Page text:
Still Waters: Thanks to our heroes with hoses

Someone said if the saying is true that the spring winds will blow in the San Luis Valley until the snow is off the mountains, there must be at least some snow still left up there. We haven’t had much snow, but we certainly have had the winds.

I can’t remember a day quite as windy as Tuesday although I’m sure we’ve had many. It seemed like all the forces of nature were unleashed from early morning until well into the evening. In the morning even before I left the house I could taste the dust through the closed windows as the wind roared just outside.

I hated to go out in it and was glad when I could secure myself in the water district’s building for their quarterly meeting on Tuesday. Everyone joked about the wind blowing them in, and for once in their lives I think the folliclely challenged folks could be envied for not needing a comb.

I figured the Flying Nun would not have stood a chance on a day like Tuesday. A tip of her habit and she would have been close enough to talk to the angels directly. Not to mention Dorothy and her little dog too who could have made a direct nonstop flight from Kansas to LA in time for brunch.

Most of us just took the day in stride, or at least as much of a stride as we could while trying just to stay upright. We lost some shingles off our roofs, a few trees blew down, and some fences were in need of repair at the end of the day.

For our local firefighters, though, the day brought an absolute nightmare. These volunteers routinely leave suppers, warm beds and their favorite TV programs at all ours of the days and nights to respond to calls of everything from brush on fire to structures in full blaze. Tuesday they had it all, bless their hearts. A brush fire that had started on Monday with a spark from a welder who was working at a well drilling site came alive again with demonic fury on Tuesday. Between the dust in the wind and the smoke from the fire no one could even see the mountains or the sky for most of the day.

As our dedicated firefighters were hitting the line with the brush fire that had revived from the day before, they had to deal with not one but two structure fires, both of which left the residences uninhabitable and one of which ultimately resulted in a charge of arson and an arrest.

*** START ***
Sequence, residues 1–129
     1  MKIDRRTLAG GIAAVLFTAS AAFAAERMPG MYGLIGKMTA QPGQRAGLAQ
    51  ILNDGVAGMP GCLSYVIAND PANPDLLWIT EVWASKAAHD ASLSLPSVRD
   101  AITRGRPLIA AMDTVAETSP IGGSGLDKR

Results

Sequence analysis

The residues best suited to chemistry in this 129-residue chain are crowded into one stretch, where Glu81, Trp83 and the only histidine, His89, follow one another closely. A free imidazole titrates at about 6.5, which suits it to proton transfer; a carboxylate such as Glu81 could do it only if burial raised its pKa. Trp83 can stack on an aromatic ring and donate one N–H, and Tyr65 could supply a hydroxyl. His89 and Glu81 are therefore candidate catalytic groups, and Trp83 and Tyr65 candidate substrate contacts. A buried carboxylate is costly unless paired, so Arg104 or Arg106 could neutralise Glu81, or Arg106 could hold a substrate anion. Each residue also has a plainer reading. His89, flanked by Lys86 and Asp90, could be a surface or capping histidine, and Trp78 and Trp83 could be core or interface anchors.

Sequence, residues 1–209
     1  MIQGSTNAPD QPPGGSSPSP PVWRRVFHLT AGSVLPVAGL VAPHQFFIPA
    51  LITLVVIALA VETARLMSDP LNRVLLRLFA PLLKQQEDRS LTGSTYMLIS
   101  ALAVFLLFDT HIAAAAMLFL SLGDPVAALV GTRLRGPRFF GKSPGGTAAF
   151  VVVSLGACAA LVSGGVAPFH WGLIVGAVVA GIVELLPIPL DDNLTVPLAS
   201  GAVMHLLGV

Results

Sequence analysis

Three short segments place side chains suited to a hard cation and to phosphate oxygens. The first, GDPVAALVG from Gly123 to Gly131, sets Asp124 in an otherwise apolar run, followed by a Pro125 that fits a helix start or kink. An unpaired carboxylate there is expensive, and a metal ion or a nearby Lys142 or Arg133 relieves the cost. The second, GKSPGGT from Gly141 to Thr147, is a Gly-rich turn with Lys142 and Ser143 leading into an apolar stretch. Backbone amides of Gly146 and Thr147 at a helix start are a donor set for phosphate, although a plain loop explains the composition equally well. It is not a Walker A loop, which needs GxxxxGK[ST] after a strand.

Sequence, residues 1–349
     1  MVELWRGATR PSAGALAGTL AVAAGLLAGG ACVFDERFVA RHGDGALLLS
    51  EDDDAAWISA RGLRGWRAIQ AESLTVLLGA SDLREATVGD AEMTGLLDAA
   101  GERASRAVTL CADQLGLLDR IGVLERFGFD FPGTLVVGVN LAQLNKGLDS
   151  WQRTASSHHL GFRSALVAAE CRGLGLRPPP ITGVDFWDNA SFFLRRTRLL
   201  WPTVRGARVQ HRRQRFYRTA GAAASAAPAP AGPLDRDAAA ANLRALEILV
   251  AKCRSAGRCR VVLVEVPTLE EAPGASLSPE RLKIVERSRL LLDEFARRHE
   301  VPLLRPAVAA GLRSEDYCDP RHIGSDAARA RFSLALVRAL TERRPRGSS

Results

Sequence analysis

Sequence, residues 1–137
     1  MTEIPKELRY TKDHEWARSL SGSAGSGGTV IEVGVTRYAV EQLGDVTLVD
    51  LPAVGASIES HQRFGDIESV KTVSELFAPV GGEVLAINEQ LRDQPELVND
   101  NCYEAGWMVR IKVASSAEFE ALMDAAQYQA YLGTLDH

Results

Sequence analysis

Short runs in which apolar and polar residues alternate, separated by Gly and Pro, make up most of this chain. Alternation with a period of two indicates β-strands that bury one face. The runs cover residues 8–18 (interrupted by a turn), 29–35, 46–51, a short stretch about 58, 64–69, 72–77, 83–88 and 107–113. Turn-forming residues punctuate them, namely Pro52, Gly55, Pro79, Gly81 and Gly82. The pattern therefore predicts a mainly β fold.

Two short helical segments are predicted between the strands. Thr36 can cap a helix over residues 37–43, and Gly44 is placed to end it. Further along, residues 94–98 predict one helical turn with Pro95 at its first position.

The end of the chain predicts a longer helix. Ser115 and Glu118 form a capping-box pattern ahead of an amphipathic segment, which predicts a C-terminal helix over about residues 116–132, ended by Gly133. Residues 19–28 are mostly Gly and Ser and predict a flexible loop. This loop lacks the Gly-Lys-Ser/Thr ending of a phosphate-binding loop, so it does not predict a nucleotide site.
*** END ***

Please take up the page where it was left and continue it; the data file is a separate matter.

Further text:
Our firefighters were not alone, though. As Alamosa needed assistance, volunteer firefighters from other parts of our wonderful valley started coming in to their aid. They came from all directions to help with the firefight. And when one of their departments had its own call to meet, others went to their rescue as well.

These selfless folks reminded us once again of how people here pull together against a common threat. We are so blessed to have these ladies and gents who are willing to leave their jobs and families, their suppers and pillows to keep the rest of us safe.

At one point in the day a part of our town was under evacuation orders because of the brush fire, and even more selfless folks sprang into action to keep residents informed and safe. The city offered its recreation center for evacuees, and the school kept children safe there since they could not be bused after school to the mobile home court that was under evacuation orders.

Fortunately the evacuation orders could be lifted before evening. Also fortunately, and providentially given the extreme conditions they were battling, no firefighter was injured. The chief said even the livestock were reportedly rescued from the advancing brush fire.

The community, too, responded by bringing the firefighters drinks and food.

The wind may have died down the following day, but the firefighters’ jobs were not finished as they continued to monitor hot spots and respond to other calls both here and in other parts of the Valley.

We who live here and are kept safe by your tireless and selfless efforts cannot thank you guys and gals enough.

On these crazy windy, smoke-filled days—and every other day—you are our heroes.